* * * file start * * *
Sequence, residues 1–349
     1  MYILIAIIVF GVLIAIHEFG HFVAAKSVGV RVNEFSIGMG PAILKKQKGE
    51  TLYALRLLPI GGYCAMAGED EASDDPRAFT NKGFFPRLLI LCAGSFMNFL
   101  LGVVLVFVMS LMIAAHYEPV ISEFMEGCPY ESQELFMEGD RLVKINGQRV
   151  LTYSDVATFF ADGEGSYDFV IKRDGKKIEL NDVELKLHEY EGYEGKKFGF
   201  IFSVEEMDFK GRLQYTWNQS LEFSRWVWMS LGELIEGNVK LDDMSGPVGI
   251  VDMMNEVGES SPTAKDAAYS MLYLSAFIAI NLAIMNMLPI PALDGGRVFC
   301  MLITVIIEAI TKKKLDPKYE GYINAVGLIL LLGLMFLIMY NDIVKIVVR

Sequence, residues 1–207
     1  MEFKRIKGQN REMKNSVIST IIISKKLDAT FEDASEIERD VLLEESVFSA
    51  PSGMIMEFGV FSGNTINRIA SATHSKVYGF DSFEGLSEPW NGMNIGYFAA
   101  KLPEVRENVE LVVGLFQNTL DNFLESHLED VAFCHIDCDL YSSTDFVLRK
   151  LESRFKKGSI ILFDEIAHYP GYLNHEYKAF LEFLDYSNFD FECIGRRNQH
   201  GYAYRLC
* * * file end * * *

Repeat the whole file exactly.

Sequence, residues 1–349
     1  MYILIAIIVF GVLIAIHEFG HFVAAKSVGV RVNEFSIGMG PAILKKQKGE
    51  TLYALRLLPI GGYCAMAGED EASDDPRAFT NKGFFPRLLI LCAGSFMNFL
   101  LGVVLVFVMS LMIAAHYEPV ISEFMEGCPY ESQELFMEGD RLVKINGQRV
   151  LTYSDVATFF ADGEGSYDFV IKRDGKKIEL NDVELKLHEY EGYEGKKFGF
   201  IFSVEEMDFK GRLQYTWNQS LEFSRWVWMS LGELIEGNVK LDDMSGPVGI
   251  VDMMNEVGES SPTAKDAAYS MLYLSAFIAI NLAIMNMLPI PALDGGRVFC
   301  MLITVIIEAI TKKKLDPKYE GYINAVGLIL LLGLMFLIMY NDIVKIVVR

Sequence, residues 1–207
     1  MEFKRIKGQN REMKNSVIST IIISKKLDAT FEDASEIERD VLLEESVFSA
    51  PSGMIMEFGV FSGNTINRIA SATHSKVYGF DSFEGLSEPW NGMNIGYFAA
   101  KLPEVRENVE LVVGLFQNTL DNFLESHLED VAFCHIDCDL YSSTDFVLRK
   151  LESRFKKGSI ILFDEIAHYP GYLNHEYKAF LEFLDYSNFD FECIGRRNQH
   201  GYAYRLC